Tilithia Brewington (King Godbold Dabney)
Tilithia Brewington is my 2nd great-aunt and she was born February 6, 1878 in Wayne County, North Carolina to Amelia Aldridge Brewington and Joshua Brewington. She was their eldest child and a few months after her twentieth birthday, she married Emanuel King. Tilithia and Emanuel had five daughters: Juanita, Elizabeth, Amelia, Marybelle, and Tilithia.
By 1910, the King family was living in Norfolk, Virginia, but the family would not stay together for long. Whatever happened, it happened fully and completely by 1920, as per the 1920 U.S. Federal Census, Tilitha was living under a new roof, 426 Queen Street in Norfolk, and had love “under new management,” with new husband, Walter Godbold.
It was at this address, 426 Queen Street, that Tilithia owned and operated her restaurant, The Strand Cafe. Aldridge family cousin, L.H., recalls her grandmother’s stories of Tilithia and visiting the Strand Cafe here.
The 1920 census lists Tilithia as “proprietor” of a restaurant and the head of her household. Walter is listed as “husband.” In the occupation column, it shows “none” for Walter:
In any case, Tilithia continued to operate her establishment, and in the 1930 census her business is described as a boarding house. She’s still at #426, the street was called Brambleton Avenue in 1930.
There are at least three boarders who are enumerated in the census, including a merchant tailor, a bellboy, and someone with no occupation. Tilithia’s a homeowner, as she was in 1920, per the census, and the home value is listed as $4,000 ($51,895.82 in 2019 dollars, according to an inflation calculator).
Noticeably absent in the 1930 census was Tilitha’s second husband, Walter Godbold. It was over. In fact, according to Virginia divorce records, they had separated in January of 1926. This would have been during the high times of The Strand Cafe. Tilithia filed that Walter had deserted the marriage; however, it wasn’t until March 1963 that an absentee divorce was decreed. As it turns out, this formality was a difference without distinction, because Walter Godbold passed away in December of 1951 in North Carolina, according to records.
Perhaps wanting to invest more in her third marriage than in previous ones, the 1940 census shows that the establishment at 426 Brambleton Avenue, The Strand Cafe and boarding house, initialized by Tilithia, is headed by John C. Dabney, Tilithia’s third husband. Tilitha is listed as “wife.” There are at least nine lodgers in the household, per the census, but whatever reason, Tilithia’s income is shown as “0” for the year 1939. Mr. Dabney, who’s listed as the “head of household” and who’s occupation was noted as janitor at the Navy yard, had an income of $780 for 1939:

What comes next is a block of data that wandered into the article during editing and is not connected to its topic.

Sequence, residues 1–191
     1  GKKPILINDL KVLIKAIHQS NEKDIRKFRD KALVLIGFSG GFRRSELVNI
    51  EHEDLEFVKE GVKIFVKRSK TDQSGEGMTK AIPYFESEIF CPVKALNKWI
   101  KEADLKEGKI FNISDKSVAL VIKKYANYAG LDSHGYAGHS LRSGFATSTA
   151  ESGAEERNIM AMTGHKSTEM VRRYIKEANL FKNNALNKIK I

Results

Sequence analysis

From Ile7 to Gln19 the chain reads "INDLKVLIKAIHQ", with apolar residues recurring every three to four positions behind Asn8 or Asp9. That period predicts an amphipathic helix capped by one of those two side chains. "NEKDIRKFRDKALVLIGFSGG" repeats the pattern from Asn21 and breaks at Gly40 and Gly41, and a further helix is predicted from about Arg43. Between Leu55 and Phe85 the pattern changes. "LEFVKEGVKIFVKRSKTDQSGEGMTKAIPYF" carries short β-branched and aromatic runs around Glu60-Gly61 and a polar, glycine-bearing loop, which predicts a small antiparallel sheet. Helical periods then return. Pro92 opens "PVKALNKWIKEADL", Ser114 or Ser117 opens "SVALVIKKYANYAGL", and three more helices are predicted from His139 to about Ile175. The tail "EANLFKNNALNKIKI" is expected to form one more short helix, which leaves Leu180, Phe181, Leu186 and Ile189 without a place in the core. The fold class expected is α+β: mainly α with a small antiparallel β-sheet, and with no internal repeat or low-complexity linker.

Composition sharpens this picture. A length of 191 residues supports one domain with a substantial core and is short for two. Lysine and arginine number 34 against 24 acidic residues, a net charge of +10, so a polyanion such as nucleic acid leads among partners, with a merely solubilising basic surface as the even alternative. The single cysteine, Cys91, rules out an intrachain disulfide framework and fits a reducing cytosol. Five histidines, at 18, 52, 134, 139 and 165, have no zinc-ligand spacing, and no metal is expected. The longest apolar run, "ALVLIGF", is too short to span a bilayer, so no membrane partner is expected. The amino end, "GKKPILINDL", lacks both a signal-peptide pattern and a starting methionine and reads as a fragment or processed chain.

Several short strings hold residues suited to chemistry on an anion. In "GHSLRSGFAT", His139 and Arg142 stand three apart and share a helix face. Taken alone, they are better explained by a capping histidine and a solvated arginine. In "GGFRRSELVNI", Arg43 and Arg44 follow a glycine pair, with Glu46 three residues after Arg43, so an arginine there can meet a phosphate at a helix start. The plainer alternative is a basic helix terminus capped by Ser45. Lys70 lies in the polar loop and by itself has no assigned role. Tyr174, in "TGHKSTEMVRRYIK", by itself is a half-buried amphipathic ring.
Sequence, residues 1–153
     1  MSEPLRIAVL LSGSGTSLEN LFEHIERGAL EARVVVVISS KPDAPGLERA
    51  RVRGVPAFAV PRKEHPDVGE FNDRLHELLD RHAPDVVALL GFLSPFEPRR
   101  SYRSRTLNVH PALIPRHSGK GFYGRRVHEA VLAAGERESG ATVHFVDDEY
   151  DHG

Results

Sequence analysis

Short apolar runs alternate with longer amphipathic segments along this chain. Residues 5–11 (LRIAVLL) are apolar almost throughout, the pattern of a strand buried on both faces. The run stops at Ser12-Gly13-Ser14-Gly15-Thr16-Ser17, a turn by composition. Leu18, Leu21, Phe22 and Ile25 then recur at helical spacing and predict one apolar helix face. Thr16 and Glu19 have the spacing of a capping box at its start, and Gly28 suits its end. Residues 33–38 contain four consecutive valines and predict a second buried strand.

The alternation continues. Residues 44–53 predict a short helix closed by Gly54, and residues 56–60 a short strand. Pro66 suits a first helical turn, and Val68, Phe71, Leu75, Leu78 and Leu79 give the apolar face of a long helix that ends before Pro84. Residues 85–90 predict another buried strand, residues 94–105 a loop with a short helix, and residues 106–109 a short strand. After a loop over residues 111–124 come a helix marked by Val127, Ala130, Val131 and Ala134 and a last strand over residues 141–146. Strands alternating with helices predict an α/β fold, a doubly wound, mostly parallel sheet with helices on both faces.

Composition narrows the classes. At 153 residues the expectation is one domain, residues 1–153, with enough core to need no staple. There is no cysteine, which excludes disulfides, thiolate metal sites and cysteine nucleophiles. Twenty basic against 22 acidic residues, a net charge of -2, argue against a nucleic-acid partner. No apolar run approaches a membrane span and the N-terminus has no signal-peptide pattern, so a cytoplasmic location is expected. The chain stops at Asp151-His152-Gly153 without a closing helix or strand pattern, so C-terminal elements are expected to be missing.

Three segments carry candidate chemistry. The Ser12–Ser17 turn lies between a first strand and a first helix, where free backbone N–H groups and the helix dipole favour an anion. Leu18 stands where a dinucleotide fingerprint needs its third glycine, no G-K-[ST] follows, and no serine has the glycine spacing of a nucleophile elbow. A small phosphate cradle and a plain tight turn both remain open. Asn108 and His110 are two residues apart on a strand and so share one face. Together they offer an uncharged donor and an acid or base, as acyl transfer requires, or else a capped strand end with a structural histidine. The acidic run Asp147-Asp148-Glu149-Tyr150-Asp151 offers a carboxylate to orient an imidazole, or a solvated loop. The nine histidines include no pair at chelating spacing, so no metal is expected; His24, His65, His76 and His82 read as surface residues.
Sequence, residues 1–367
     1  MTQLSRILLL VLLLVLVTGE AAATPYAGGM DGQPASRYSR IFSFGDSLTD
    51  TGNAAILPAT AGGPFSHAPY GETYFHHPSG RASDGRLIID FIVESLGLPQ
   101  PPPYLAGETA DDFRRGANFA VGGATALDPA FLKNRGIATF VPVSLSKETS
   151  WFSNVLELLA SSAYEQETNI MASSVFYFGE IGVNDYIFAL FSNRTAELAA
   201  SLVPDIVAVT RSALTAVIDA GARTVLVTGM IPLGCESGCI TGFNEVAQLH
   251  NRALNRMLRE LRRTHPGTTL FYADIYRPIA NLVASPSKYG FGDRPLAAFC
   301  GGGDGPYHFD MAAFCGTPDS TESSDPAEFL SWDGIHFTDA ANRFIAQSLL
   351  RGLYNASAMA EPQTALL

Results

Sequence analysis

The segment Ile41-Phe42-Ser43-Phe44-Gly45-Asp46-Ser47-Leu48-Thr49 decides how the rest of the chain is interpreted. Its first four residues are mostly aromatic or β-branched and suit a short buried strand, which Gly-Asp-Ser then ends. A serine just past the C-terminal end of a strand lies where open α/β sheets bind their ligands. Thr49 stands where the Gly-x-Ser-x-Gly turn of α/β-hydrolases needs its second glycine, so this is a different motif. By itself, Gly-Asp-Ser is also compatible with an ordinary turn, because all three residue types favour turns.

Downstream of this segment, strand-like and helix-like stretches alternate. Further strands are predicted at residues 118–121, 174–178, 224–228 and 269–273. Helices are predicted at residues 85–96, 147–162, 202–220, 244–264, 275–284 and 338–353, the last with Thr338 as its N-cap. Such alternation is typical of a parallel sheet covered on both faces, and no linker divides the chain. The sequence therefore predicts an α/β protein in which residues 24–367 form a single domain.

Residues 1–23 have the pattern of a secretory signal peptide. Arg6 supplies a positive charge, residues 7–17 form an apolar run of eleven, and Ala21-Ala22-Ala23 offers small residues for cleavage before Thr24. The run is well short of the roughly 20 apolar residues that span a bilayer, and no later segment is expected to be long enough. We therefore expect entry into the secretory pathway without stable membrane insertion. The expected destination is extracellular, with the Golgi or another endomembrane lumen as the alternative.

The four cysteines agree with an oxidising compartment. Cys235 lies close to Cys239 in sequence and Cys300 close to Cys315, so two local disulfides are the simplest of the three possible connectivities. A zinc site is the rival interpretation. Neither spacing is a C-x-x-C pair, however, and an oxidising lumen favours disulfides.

Did Tilithia decrease so that her third husband, Mr. Dabney could increase? That is pure conjecture, but the bare facts speak volumes. There is a fundamental difference in how her 1940 household was run as opposed to the previous twenty plus years. She was gracious in allowing her husband to be named as head of household when that may not have technically been the case.
It would have been during the Dabney years that my mother would have occasion to see her great-aunt, Tilithia. Visiting with her father, Ira, the nephew of Tilithia, my mother recalls that Tilithia had a home filled with beautiful things. She also recalls that Tilithia was ravaged with some type of arthritic condition. I wonder if anyone who gazed upon Aunt Tilithia would ever have guessed just what a boss she’d been, on her own terms-at once, assertive and compromising.
Google Earth “visit” to Aunt Tilithia’s Lovitt Avenue in Norfolk, Virginia and the mystery of house number 1612. 1617?
It seems that the third time at marriage was the charm for Aunt Tilithia. In her November 22, 1965 Virginian-Pilot newspaper obituary, it reads:
“NORFOLK—Mrs. Tilithia Dabney of 1612 Lovitt Ave., the wife of John C. Dabney, died Sunday in a hospital.”
Aside from her family connections and reference to her being a deaconess and missionary, there is no mention of her being a business-owner.
At least two of Tilithia’s daughters went into business on their own or in partnerships with their husbands, Elizabeth (who operated a funeral home) and Juanita (whose husband operated a restaurant and grill).
The legacy of the Boss Lady endures. How many lady bosses are in your family’s history? Let’s continue the legacy. This is our shared situation.
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